Distinguished Professor Emeritus Don Cowan and Professor Emeritus Richard C. “Ric” Holt have received the 2017 Lifetime Achievement Award in Computer Science from CS-Can/Info-Can, the national organization of Canadian computer science departments, schools and faculties.
Conferred annually, these prestigious awards recognize outstanding and sustained achievement in research, teaching and service.
“It’s wonderful to see Don and Ric’s accomplishments recognized by CS-Can/Info-Can,” said Mark Giesbrecht, Director of the David R. Cheriton School of Computer Science. “Congratulations to these two distinguished pioneers of computer science who have contributed immeasurably to both the field and to the David R. Cheriton School of Computer Science through their years of leadership, scholarship, teaching and service.”
The 2017 awards will be presented at the annual CS-Can/Info-Can Awards Dinner, which will be held at York University in Toronto on May 7, 2018.
About the award winners
Distinguished Professor Emeritus Don Cowan is a Canadian pioneer in computer science. Shortly after completing his PhD in 1965, Don became head of the Computer Science Division of the Mathematics Department at the University of Waterloo. In 1967, he became Chair of the Department of Applied Analysis and Computer Science, a new academic unit that launched with only four faculty members of professorial rank in computer science. Within five years, Don expanded the department to 26 research faculty and five lecturers. Although it has been close to half a century since he served as department chair, Don set the tone that has established the David R. Cheriton School of Computer Science as Canada’s largest and best-known computer science program.
Don’s early international connections led to several programs bringing faculty members from other countries to complete PhDs at Waterloo and, conversely, sending Waterloo faculty members for visits to these countries. Such programs were developed with four countries, the largest being with Brazil, through which several dozen of their faculty members came to Waterloo and Toronto. For this and related efforts, in 2006 Don was awarded the Grand Cross of Scientific Merit, Brazil’s highest civilian scientific honour.
Don continues to be a prolific researcher who has mentored 120 graduate students and published close to 300 refereed publications and 17 books. His research has spanned a broad spectrum of computer science — from local and wide-area networks from the 1960s with the development of CANUNET, a pan-Canadian computer network, to the 1990s as a leader of the team producing the first local-area network for personal computers. His work also included the first efficient techniques for various combinatorial problems, state machines for communication protocols, and one of the first comprehensive editors for text tagged with the standard markup language SGML, which we now recognize as including hypertext and web page design.
Don’s research and teaching led to many software systems being developed at Waterloo for educational use. Software systems developed by the Computer Systems Group from 1965 to 1995 have been used in more than 3,000 institutions in 60 counties. Don has been Director of the Computer Systems Group since 1992 and was a director of WATFAC, a private charitable foundation that developed software for the education market. Funds from these efforts have been used for scholarships, summer fellowships for students and teachers, and to help fund a chair in health informatics. In 2017, Don along with colleague and research associate Kyle Young received the Award of Merit from the Volunteer Action Centre of Kitchener Waterloo and Area, for developing volunteer-matching software that is used locally, provincially and nationally.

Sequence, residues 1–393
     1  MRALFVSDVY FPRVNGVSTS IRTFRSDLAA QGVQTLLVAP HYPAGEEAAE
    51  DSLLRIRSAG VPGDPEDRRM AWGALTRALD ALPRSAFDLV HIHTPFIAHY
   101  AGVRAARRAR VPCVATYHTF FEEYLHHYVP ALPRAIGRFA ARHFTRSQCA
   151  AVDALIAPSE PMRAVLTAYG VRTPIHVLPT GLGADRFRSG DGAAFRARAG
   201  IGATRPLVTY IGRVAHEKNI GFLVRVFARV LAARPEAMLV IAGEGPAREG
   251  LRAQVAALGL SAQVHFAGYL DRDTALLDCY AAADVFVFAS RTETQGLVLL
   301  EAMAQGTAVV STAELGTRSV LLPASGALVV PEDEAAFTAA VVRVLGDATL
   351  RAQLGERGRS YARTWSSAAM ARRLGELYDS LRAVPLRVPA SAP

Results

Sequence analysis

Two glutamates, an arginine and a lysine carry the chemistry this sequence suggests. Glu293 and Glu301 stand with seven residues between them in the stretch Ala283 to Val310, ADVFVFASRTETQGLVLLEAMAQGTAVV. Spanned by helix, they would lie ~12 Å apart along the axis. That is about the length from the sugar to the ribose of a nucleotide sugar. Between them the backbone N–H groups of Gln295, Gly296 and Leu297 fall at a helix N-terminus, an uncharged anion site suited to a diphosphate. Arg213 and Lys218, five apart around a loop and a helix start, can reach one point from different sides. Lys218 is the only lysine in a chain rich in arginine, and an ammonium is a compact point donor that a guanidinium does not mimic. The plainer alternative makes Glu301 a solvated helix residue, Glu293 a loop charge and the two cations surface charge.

For these and other accomplishments, Don was awarded a Doctor of Science, honoris causa, from the University of Guelph in 2011, an ACM Distinguished Scientist award in 2010, and recognition as a Distinguished Professor Emeritus at the University of Waterloo.
Professor Emeritus Ric Holt has been a pioneer of computer science since his arrival at the University of Toronto as an assistant professor in 1970 and continuing at the University of Waterloo since 1997. He has made a number of seminal contributions in a variety of computer systems research areas, from work on operating systems and programming languages, compilers and computer science education, to software architecture modelling and software analytics.
Ric has supervised many PhD students who have themselves become leading academics. He has authored and coauthored dozens of highly cited journal and conference publications, many of which are classics in their field. For example, his 1972 paper on properties of deadlock is commonly referenced in operating systems textbooks, and his 1998 paper on Tarski relational algebra to model software architecture won a most influential paper award. In addition to his academic publishing record, Ric co-authored 16 books on programming, operating systems and computer science education.
Throughout his career, Ric has kept in contact with industry, forming close relationships with IBM Canada, Nortel Networks, Sun Microsystems and CA Technologies. Through a long stream of industry collaborations, his students have been exposed to the problems of real-world software development, and in turn the ideas from his research group have influenced the practices and products of these companies.
Ric served as chair of the Nortel Networks Institute at the University of Waterloo and he held an NSERC Industrial Research Chair sponsored by Nortel Networks. For many years, he ran Holt Software Associates, his own software company, to support use of the Turing programming language in high schools and universities.